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Cultivating Communities of Practice: A Guide to Managing Knowledge
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Cultivating Communities of Practice: A Guide to Managing Knowledge

3.78 of 5 stars 3.78  ·  rating details  ·  194 ratings  ·  18 reviews
Today's economy is fueled by knowledge. Every leader knows this to be true, yet few have systematic methods for converting organizational knowledge into economic value. This book argues that communities of practice--groups of individuals formed around common interests and expertise--provide the ideal vehicle for driving knowledge-management strategies and building lasting ...more
Hardcover, 304 pages
Published March 1st 2002 by Harvard Business Review Press (first published January 1st 2002)
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I am an Executive Secretary for a large E/A Company with 15 district offices and and admin. staff of 84 people. Through "Cultivating Communities of Practice" I am learning how to set-up a CoP, elicit buy-in of other community members with the goals of sharing knowledge expediciously throughout the admin. staff.
J.R. Woodward
Cultivating Communities of Practice is a manual and guide created by a community of authors in order to help businesses and organizations more thoughtfully and intentionally steward the knowledge of the community for the benefit of the whole. They understand that energy and “aliveness” about any topic is not created or manufactured, but simply cultivated. Just like a farmer must cultivate the soil, plant the seeds, nurture the crop, and identify and deal with the weeds; the authors help
An unusual guide to developing communities of practice

Etienne Wenger, Richard McDermott and William M. Snyder have written an exceptionally clear and honest book. While they obviously are deeply committed to communities of practice and exuberant in embracing the concept – particularly in the realm of knowledge management – they also have observed enough of these communities to see how they can fail to crystallize, can go bad or can survive but never gain recognition. This gives a distinctly rea
Another good and quick KM primer. Not a lot of books on CoP, so I found this helpful.
Bonnie  Zink
Although the information is a bit dated, the details of managing, forming, and using a community of practice to learn and grow as a professional is invaluable. I found the prose to be fractured in the sense that I could tell when the information was being put forth by one of the other authors. I'm looking forward to the possibility of a re-release of this title as communities of practice information has grown and the techniques have evolved.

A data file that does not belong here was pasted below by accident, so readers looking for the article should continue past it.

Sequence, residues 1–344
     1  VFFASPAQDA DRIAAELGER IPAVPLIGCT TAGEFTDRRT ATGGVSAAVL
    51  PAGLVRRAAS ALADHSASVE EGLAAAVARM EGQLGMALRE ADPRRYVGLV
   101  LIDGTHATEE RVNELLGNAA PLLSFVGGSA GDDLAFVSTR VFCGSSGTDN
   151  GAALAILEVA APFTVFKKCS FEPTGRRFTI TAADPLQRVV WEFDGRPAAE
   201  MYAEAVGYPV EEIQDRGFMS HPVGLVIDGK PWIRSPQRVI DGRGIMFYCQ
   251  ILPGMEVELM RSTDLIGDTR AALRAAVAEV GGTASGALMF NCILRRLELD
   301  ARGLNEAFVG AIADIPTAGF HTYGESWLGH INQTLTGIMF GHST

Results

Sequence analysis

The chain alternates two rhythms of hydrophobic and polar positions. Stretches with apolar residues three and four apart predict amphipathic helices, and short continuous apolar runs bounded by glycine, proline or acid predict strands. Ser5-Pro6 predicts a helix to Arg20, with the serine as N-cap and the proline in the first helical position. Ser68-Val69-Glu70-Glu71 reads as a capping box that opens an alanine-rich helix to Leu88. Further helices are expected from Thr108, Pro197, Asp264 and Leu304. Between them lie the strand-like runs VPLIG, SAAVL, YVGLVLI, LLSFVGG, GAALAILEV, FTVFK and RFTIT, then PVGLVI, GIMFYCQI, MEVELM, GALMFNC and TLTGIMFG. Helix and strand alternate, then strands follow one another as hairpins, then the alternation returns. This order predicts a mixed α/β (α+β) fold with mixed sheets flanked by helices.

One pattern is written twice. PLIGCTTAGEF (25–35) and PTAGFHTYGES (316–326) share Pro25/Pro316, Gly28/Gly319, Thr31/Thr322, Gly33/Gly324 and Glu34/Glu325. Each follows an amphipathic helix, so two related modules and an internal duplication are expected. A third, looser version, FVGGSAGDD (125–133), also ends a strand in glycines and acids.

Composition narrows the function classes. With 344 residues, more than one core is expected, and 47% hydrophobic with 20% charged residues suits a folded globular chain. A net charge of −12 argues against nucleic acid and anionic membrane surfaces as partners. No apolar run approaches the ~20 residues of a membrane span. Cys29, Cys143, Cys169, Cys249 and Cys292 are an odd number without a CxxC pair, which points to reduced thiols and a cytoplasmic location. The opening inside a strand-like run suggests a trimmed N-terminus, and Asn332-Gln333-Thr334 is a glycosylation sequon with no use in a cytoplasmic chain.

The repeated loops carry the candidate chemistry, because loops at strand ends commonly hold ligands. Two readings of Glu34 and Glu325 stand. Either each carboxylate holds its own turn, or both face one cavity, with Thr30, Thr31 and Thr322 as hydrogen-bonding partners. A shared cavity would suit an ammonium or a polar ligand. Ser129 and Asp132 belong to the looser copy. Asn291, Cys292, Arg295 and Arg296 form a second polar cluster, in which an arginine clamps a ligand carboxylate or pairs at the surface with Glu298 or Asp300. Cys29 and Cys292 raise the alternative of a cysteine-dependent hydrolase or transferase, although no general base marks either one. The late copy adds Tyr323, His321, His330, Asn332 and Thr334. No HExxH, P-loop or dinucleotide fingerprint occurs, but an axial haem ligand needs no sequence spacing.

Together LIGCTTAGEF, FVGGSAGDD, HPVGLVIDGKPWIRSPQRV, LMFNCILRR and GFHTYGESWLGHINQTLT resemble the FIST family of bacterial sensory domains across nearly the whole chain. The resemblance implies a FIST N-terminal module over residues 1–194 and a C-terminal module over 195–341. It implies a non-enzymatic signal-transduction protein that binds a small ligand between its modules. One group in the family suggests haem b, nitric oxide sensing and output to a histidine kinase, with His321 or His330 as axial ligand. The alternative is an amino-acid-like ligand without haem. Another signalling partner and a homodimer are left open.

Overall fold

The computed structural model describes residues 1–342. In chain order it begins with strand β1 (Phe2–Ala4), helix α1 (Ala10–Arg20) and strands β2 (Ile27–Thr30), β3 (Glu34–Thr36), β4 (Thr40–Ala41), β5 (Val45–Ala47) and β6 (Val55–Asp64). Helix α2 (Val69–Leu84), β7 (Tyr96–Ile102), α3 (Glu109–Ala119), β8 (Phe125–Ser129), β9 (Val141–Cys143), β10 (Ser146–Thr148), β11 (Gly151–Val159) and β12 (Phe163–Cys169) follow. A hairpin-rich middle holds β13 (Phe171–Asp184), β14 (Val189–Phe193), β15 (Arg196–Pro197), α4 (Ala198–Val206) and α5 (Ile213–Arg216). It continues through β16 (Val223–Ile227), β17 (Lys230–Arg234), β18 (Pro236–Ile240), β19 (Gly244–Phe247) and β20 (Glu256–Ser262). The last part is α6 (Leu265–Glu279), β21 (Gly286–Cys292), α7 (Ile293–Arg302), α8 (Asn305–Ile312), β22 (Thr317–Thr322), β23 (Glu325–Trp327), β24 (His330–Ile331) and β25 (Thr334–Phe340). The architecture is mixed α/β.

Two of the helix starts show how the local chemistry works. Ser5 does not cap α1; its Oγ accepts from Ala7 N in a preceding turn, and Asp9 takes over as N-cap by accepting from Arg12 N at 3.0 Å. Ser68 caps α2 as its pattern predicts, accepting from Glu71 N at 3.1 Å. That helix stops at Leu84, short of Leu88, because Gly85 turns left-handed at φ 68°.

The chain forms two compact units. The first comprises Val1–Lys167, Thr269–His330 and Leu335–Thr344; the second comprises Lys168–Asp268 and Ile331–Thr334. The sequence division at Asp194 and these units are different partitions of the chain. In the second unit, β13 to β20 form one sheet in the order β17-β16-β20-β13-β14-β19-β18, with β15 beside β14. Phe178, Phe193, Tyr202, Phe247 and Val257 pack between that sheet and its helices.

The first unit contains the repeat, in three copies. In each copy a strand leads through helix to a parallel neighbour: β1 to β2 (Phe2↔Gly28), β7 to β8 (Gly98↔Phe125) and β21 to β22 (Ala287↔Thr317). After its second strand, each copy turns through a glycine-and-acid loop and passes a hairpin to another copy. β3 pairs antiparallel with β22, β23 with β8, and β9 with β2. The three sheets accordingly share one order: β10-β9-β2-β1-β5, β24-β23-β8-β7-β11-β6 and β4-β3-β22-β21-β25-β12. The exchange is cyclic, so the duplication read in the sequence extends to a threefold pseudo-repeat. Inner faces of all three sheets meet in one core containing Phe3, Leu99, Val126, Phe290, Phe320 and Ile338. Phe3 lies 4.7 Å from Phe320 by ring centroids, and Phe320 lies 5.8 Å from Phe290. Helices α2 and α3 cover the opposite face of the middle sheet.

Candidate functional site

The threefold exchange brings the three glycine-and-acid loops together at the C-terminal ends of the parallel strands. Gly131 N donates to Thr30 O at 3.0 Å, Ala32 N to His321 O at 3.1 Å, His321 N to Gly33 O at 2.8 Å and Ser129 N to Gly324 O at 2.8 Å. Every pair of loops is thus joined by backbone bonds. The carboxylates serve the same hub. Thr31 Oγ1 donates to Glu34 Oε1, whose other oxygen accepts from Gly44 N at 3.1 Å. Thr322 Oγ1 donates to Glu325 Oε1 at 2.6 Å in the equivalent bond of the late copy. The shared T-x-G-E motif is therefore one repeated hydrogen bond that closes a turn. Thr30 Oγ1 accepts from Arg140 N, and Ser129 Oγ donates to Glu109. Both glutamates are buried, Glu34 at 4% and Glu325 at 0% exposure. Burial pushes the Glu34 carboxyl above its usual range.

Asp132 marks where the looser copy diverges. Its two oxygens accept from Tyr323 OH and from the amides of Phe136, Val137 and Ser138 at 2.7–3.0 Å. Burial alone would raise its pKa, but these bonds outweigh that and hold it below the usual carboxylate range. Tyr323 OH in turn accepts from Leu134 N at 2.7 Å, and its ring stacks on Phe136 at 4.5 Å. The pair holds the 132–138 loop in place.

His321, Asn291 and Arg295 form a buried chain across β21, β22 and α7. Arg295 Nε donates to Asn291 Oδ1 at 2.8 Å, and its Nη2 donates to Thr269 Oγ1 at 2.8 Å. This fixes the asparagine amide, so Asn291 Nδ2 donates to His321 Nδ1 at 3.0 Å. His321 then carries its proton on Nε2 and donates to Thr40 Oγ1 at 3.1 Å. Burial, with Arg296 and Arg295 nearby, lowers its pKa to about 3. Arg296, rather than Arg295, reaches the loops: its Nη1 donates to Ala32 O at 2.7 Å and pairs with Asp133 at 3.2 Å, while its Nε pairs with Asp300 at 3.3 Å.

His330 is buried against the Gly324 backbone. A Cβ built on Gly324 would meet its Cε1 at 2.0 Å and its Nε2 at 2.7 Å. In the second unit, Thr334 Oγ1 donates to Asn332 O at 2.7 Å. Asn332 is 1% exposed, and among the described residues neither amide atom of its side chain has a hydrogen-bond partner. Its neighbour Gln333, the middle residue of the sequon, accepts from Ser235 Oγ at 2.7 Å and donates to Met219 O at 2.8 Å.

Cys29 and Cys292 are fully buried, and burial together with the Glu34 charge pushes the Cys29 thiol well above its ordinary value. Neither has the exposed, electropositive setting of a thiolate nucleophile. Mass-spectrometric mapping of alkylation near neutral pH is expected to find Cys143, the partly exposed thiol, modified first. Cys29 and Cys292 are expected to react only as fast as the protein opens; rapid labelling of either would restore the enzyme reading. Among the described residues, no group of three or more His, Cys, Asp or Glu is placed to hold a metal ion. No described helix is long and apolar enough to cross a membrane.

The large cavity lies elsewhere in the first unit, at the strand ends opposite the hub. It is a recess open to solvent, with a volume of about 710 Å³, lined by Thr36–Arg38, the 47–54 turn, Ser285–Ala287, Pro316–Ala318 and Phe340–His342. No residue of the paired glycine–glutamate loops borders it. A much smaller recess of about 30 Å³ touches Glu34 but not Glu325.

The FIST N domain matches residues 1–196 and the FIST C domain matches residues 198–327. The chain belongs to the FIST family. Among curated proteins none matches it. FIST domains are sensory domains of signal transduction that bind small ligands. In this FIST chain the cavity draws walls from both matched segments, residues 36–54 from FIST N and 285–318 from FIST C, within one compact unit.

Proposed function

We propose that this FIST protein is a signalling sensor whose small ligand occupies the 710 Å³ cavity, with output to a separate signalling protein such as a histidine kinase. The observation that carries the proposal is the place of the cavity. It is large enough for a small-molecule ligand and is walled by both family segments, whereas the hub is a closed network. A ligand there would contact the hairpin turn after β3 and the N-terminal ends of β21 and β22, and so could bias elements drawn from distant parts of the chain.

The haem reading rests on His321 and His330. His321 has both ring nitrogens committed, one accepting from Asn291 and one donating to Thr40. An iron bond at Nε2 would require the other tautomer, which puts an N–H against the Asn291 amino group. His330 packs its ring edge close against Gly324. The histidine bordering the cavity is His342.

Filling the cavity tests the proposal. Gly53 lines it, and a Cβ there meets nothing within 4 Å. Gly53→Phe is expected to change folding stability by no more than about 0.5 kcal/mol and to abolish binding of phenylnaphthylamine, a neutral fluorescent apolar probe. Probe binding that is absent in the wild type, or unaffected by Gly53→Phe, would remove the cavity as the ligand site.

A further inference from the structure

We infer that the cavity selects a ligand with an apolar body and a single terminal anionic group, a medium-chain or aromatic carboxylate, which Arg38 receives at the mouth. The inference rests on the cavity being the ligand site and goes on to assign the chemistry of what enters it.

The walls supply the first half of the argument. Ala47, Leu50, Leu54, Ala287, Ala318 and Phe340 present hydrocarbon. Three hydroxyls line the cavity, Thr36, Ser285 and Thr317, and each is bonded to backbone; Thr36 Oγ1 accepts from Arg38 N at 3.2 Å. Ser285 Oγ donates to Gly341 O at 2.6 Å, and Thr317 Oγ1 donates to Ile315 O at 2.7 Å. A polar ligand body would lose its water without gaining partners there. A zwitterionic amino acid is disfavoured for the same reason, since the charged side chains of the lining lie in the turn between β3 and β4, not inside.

There is an interesting and useful idea here, well researched and explained. That's the first 50 pages. The next 200 pages are spent repeatedly beating that same idea into the ground or spinning out ever more complex implementations of the idea. If you have a community that needs an executive support committee, a knowledge management committee, and guidance from a community of community managers, what you have is in no way a community.
This was Kindle-gifted to me by our communities team at Microsoft, and I found it really practical and full of helpful tips for working with groups with a common technical interest for tasks large and small. There is, as you might imagine, a bit of fluff to explain what I feel to be fairly obvious concepts, but overall the information density and readability was excellent. I was glad I spent the time to read this one.
As an introduction to COP, I thought this was extremely clear and very thorough -- covering both the bad and the good of COP and offering examples at the beginning of every chapter as well as concrete suggestions for building COP. However, despite all the thoroughness, I did find it to be somewhat narrowly tailored for the corporate world.
A good introduction CoP with many real life examples to put things into perspective. Wenger lists some of the common problems faced by organisations when trying to set up communities and what are some of the steps that community managers can take to get management support and to strengthen existing communities.
Torben Rasmussen
This is a great book to read for people working with learning in one for or the other. Especially relevant when working with organisations where it is neccesary to facilitate learning across organisational barriers.
Jack Vinson
Very good reading that covers the authors' experience and research into communities of practice. There were extensive examples from industry, highlighting various aspects of their approach and thinking. ...more
Dave Bolton
A subject very interesting to me, but this text was a bit too academic. Many of the lessons here are rather self evident, but I'm sure I'll refer to it from time to time.
NWP  Site Leaders
With examples and reflections drawn from business consulting, this book provides practical advice inkeeping with the theory base in communities of practice.
Dalaina May
Good info, but very business oriented and hard to translate into other situations (like my own). I was bored.
Excellent handbook for starting, building, and closing down communities.
Cultivating Communities of Practice by Etienne Wenger (2002)
the quintessential book on communities of practice
This is the more practice oriented companion to Wenger's original book on the topic.
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“communities of practice are a practical way to frame the task of managing knowledge. They provide a concrete organizational infrastructure for realizing the dream of a learning organization.” 0 likes
“COMMUNITIES OF PRACTICE are groups of people who share a concern, a set of problems, or a passion about a topic, and who deepen their knowledge and expertise in this area by interacting on an ongoing basis.” 0 likes
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